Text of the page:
Geocoding is the process by which we represent the location of an address on a
map. Any data that has to do with a specific place on Earth can be geocoded if
you follow a few guidelines.
How does geocoding work?
When you submit location data, the CDRSS application's computer looks through
millions of address records to find your location. Two sets of data are scanned
to ensure accuracy. One dataset is produced by Geographic Data Technology, Inc.
(GDT). The other is ArcIMS RouteServer data, produced by Environmental Systems
Research Institute (ESRI). Within seconds, potential addresses are returned.
The geocode process returns results based on a candidate score scale ranging
from 0 to 100. Returned results can be an absolute match, a partial match or no
match. An absolute match is a location that matches the desired address with a
score of 100. A location with a score less than 100 is a partial match.
Finally, if no results are returned for a specified address, then no match was
found during the geocode process.
The geocode process functions behind the scenes, without interfering with the
flow of data entry, unless an absolute match is not found. In this case, you
will be prompted to make a selection from the returned partial matches. The
returned partial matches can include all possible address matches as well as the
center of a zip code, the center of a county, or the center of a municipality.
In some instances, the geocoding function cannot find the street address. For example,
in the case of new streets and new housing developments, the coordinates for that location
may be too new to appear in the geocoding data. Therefore, CDRSS allows the user to view
the map and place a point on the map corresponding to the address, and allows the user to
label that point appropriately. To save a custom location within the database,
the user must click on the save icon.
What information do I need to geocode my data?
In order to geocode you must have an address. In CDRSS,an address contains the
fields 'street', 'apartment', 'city', 'state', 'zip', 'NJ county', and
Avoid entering P.O. Box addresses into CDRSS. At the very best, you will only be
able to locate the zip code in which the P.O. Box falls. Remember, a patient may
not live in the same zip code, town, or county as their P.O. Box.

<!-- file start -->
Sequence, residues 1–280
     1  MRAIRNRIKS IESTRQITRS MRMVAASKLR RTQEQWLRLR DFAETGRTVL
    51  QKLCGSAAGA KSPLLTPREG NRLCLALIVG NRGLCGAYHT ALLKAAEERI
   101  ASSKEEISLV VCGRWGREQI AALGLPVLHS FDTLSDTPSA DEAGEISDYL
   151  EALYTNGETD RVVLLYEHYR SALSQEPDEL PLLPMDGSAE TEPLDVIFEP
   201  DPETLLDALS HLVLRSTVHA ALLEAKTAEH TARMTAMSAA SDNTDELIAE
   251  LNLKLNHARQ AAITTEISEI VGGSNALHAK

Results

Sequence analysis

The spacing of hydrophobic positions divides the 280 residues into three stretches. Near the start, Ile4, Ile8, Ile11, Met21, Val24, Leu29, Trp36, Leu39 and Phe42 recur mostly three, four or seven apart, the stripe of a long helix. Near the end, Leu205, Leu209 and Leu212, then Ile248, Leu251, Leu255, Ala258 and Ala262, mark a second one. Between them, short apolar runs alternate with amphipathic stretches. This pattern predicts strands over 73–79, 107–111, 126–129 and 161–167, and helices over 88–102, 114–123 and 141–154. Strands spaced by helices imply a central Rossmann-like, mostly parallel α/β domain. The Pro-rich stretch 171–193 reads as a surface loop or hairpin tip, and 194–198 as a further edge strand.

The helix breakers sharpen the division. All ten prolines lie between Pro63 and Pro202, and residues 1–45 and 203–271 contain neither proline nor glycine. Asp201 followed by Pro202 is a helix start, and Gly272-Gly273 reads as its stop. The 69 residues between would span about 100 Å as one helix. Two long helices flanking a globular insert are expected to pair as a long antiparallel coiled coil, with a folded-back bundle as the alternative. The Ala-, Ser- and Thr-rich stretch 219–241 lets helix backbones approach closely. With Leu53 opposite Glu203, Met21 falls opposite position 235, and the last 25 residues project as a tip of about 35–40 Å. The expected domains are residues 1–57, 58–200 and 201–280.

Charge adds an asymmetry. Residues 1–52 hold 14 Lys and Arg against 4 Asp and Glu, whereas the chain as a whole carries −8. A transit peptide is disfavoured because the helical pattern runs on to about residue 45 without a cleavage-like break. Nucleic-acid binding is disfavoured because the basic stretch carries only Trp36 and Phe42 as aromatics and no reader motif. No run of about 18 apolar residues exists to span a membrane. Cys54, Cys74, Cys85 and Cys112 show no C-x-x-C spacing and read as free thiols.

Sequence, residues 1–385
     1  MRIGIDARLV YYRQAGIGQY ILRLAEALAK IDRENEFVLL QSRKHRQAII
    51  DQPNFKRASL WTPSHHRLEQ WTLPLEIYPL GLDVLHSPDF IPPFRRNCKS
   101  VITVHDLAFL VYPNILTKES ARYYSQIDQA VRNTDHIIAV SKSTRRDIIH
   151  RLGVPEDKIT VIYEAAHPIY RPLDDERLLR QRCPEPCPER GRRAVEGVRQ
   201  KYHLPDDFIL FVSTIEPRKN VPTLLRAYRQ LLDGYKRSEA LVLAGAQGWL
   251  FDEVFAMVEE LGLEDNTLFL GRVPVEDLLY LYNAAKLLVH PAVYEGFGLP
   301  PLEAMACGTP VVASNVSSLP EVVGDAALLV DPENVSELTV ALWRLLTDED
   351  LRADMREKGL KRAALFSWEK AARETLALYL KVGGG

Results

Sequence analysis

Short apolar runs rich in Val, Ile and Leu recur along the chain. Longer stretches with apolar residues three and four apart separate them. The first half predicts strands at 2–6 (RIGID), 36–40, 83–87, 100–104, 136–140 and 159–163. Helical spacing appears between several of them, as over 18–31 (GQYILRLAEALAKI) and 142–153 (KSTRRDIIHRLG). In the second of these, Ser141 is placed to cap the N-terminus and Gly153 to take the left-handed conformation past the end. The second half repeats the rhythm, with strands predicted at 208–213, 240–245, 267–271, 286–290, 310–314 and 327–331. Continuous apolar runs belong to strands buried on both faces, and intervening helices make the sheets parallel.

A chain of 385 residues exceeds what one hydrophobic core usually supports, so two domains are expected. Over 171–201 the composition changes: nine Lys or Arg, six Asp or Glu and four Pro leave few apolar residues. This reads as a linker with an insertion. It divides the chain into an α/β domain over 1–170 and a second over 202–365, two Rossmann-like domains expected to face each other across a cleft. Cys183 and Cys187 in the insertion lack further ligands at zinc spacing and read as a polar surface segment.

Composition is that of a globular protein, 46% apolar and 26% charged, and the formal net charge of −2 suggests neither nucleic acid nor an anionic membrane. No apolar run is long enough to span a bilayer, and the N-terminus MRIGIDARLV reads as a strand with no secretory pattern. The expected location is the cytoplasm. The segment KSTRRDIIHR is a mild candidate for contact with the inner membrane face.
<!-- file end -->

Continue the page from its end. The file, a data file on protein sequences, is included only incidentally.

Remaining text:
An address may be unsuitable for geocoding based upon how it is entered into
CDRSS. The two examples below illustrate a correct entry as well as a common
In the example above, notice that the apartment letter, in this case 'A',
is entered in the 'Apartment' field, and NOT the 'Street' field.
In the example above, the address format is incorrect because
the apartment letter is listed in the 'Street' field and not the 'Apartment'
field. CDRSS will find a partial address match, but due to the fact that
the geocoding process standardizes the street address, the apartment
letter will be deleted from the case information. To avoid this situation,
always ensure that suite or apartment numbers are entered in the
What if I don't have all of this information?
In many cases addresses can be geocoded without zip codes or municipality names.
Be aware, however, that the result will not be as accurate. For example, a
location geocoded by zip code alone will appear at the middle of that zip code
regardless of its actual location within the zip code.
As a rule, the less information you enter the more likely you are to have more
than one location option returned. For example, if you knew that 15 Main St. was
in Mercer County, but you did not know the municipality or the zip code, your
options would be to place a point in the middle of Mercer County, or to choose
not to geocode the location, or to choose to place a custom location on the map.
When you are missing information (in this case the
City and Zip), your only options will be to place a
point in the center of the county or to leave the
address off of the map.
In cases where you have only the street name and number, but not the city,
state, zip code, municipality, or county, the CDRSS system will choose NOT to
geocode the address. Instead, a screen indicating your case has been added to
the database will appear.
Occasionally you may only have city and zip code information. In this situation,
the geocoding process will elect to geocode by zip code since that is usually
the more precise geographic entity. In some cases a zip code may cover more than
one municipality or county. Be aware that the geocoding process will not know
which municipality or county is correct, requiring you to manually select the
correct option to avoid the city information being reset to "Unknown".
IMPORTANT POINTS TO REMEMBER
* It is impossible to geocode by Zip+4.
* Geocoding cannot locate every address in existence. This is due to a variety
of problems. For example, some addresses may be too new to be in the database
used for geocoding.
* Geocoding cannot show you where an apartment is located within a building.
It will show you where the building is located.
* It can't geocode an address range. For example, Company Z at 200-400 Oak St.